I recently read a newspaper article about the newly adopted sex-education curriculum in the state of Mississippi. In the city of Oxford, the following exercise is included: Students pass around a Peppermint Patty chocolate and observe how spoiled it becomes in the handling. The condition of the candy is purportedly illustrative of how sullied and worthless a girl becomes when she engages in sexual activity.
I thought the drill was appalling, and a basic waste of time. But in a somewhat lazy analysis on my end, I surmised that this is, after all, Mississippi – part of the backward-thinking, conservative South, not known for an outstanding educational system to begin with.
I posted on Facebook the details of the school exercise without mentioning any stereotypes of the Deep South that were coursing through my brain. One of my Facebook friends – a high school English teacher in Southern California – read my post and commented that a student had one day walked into her classroom, looking sick to his stomach. When she made inquiries into his health, he explained that his math teacher had just dared the entire class to eat as many full-sized Snickers candy bars as they could. Naturally, the kids started out like a pack of wolves, frenzied and ravenous, but the more they ate, the more indifferent they became. And this, according to the math teacher, was a metaphor for sex.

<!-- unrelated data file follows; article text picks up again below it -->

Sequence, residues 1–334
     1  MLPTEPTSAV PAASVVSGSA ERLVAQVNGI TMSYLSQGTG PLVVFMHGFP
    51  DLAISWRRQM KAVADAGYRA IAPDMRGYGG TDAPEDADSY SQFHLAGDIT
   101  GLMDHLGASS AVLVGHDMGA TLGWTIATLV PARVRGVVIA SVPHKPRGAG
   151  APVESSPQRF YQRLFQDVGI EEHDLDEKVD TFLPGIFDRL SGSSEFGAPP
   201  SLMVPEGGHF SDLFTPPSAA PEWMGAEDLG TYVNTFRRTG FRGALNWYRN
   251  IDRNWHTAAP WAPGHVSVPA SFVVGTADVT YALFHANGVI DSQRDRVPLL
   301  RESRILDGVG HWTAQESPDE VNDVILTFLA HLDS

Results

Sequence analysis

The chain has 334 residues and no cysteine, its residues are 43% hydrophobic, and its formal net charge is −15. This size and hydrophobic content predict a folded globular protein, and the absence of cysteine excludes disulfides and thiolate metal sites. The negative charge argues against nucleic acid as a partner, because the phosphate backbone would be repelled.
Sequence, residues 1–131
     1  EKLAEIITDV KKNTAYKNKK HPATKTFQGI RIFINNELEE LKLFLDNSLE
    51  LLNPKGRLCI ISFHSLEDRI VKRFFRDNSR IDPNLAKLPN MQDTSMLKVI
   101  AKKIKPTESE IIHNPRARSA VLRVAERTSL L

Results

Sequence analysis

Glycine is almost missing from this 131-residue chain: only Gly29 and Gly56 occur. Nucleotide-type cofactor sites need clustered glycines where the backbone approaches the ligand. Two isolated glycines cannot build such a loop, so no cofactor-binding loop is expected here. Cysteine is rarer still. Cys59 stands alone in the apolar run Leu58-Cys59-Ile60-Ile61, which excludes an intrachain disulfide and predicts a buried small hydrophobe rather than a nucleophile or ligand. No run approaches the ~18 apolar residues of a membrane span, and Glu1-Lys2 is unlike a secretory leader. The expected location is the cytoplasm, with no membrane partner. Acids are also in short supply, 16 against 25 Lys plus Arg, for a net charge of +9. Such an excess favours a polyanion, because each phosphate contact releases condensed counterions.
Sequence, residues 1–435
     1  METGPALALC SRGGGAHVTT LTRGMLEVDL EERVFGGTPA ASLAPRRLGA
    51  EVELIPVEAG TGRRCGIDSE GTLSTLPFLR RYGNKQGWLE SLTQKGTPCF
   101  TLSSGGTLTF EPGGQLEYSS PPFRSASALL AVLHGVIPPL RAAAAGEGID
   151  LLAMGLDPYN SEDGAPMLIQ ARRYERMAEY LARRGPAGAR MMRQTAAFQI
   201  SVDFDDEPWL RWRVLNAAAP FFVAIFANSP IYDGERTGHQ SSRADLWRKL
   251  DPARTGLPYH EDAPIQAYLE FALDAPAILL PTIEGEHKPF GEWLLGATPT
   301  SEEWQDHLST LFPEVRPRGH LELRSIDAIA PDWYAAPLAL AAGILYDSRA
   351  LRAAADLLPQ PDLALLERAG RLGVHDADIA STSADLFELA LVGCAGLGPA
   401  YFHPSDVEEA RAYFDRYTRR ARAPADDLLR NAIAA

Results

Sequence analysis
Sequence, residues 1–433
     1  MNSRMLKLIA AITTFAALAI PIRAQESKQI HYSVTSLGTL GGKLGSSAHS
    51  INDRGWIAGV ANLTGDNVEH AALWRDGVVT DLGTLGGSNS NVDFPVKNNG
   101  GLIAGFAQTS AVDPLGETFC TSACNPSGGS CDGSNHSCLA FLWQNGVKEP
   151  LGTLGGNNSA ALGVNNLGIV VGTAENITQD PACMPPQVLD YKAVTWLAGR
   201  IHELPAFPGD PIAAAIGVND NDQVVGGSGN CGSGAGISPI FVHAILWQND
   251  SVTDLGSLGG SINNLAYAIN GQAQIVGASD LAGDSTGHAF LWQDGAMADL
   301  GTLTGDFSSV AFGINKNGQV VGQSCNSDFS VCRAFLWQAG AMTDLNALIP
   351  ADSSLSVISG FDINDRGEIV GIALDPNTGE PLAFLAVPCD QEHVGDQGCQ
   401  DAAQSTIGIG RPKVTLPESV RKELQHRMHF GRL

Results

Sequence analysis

For me, the two bonus shockers in my friend’s anecdote were that the incident had occurred (A) in a math – as opposed to a legit sex ed – class, and (B) in California. California – so unMississippi-esque, with liberal L.A. and tolerant San Francisco commanding either end of the state. Sunny California – literally enlightened! – whose economy is so big, it ranks among actual nations: eighth in the world, sparring partners with Italy and Russia. This implies that the state has resources to combat the effects of poverty and ignorance, and that it probably champions a dynamic, forward-thinking culture that ought to be a few steps ahead of those other states that feel more at home with tradition and stasis rather than innovation and movement. In other words, California should know better.
But apparently it doesn’t, and you just can’t get too many reminders in life that personal assumptions (like, those guys over there are nuts, but we over here live in the house that sanity built) can be wrong.
So good luck, Mississippi, with figuring out how to guide youthful minds around the issue of sex. Here on the West Coast, we’re doing our darndest trying not to screw up our own kids too badly as well.
Eventually, the math teacher my friend had described did not receive a contract renewal, so presumably he had some time to both review the subject area in which he actually might have had expertise and seek counseling for the other subject area in which he demonstrably had none. I suppose I can consider that progress.
As for my own development, I’m even less sure. I still wonder if that math teacher was a transplant from some other state.